• MLR says:

    With some items I use the “FIFO” system – First In, First Out. So my oldest stuff gets replaced by my newest. If I don’t want to part with the oldest, what is the point of the new item? That works on a lot of stuff like clothes and shoes (for me, at least).

  • ARW says:

    Clothes – If you haven’t worn it in the last 6 months (or year for seasonal items like coats) get rid of it. Take it to Goodwill or a buy/sell/trade store like Buffalo Exchange or Beacon’s Closet.

    CD’s – Upload everything to your computer, then go through and match all your old CD’s to the jewel cases and sell them back to your local music store like Amoeba or Second Spin.

    Make it a point to do a thorough sorting/cleaning on a regular basis. Clutter is more overwhelming, the more there is. If you clean out your closet, shred your junk mail, etc. every few weeks it’s easier than trying to do it all at once.

    As for sentimental items – Keep your grandmother’s jewelry or that mix CD from your first boyfriend, but remember (especially with large items like furniture) that a having or not having a material possession has nothing to do with your memory of the person who owned it or gave it to you. Just because you gave away Grandma’s dining room set or your Aunt’s collection of Snow Angels doesn’t mean you didn’t love them, it just means you have no use for extra stuff in your space.

  • Taradelphia says:

    I’ve heard that people who are afraid of the future tend to hold on to possessions longer than those who don’t worry. If you have confidence in your ability to replace the object in the future, than it might be easier to get rid of that third pair of tennis sneaks in the back of the closet. I think it goes both ways, if you make room for new things to come into your life, they will.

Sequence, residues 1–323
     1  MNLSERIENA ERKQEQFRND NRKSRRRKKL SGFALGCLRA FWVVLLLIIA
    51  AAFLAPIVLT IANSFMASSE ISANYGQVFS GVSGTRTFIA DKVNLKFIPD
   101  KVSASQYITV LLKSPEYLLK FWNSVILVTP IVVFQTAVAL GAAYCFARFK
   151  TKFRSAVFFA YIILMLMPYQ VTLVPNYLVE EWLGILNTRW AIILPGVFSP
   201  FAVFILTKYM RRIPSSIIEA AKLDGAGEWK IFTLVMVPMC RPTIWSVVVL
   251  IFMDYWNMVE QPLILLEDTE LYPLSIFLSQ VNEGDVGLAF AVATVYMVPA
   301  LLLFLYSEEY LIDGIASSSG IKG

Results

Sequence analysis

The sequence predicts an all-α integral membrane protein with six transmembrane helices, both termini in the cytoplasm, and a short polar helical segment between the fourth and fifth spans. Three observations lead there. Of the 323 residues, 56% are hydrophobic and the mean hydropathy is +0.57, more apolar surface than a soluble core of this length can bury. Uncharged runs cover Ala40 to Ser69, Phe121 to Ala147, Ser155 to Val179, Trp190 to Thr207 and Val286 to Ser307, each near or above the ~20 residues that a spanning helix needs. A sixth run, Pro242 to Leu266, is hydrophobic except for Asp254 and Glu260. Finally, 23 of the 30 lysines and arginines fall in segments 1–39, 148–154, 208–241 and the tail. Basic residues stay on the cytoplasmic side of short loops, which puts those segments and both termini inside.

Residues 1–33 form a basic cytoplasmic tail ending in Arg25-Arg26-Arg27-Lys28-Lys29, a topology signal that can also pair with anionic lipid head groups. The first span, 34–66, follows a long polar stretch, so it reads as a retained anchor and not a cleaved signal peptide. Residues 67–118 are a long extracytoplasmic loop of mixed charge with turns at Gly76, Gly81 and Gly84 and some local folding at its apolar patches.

• Amanda says:

    In my case, clutter develops as a by-product of procrastination. The idea that I will sort through that later. I find that breaking the process down into smaller projects, though, helps me get it done, instead of trying to tackle it as a big project.

  • eager reader says:

    Ever watch the cable show “Hoarders”? That is a wonderful incentive to de-clutter!!!

  • sheila chandra says:

    A lot of times the build up of clutter is actually a build up of unmade decisions about what you really need realisitically and what do with what you don’t need. The ‘keep it just in case’ instinct is a way of avoiding making a decision. If you can get into the habit of making decisions as you go, whenever you bring something into the house, or run across a pile of clutter around something you’re using, then it tends to disappear over time.

  • Launch x431 says:

    Make it a point to do a thorough sorting/cleaning on a regular basis. Clutter is more overwhelming, the more there is. If you clean out your closet, shred your junk mail, etc. every few weeks it’s easier than trying to do it all at once.

  • Ron Ablang says:

    That is a very good tip, Launch. If you can do it a little at a time it is less daunting than if you try to do it all at once. Who says you have to toss everything all out at once?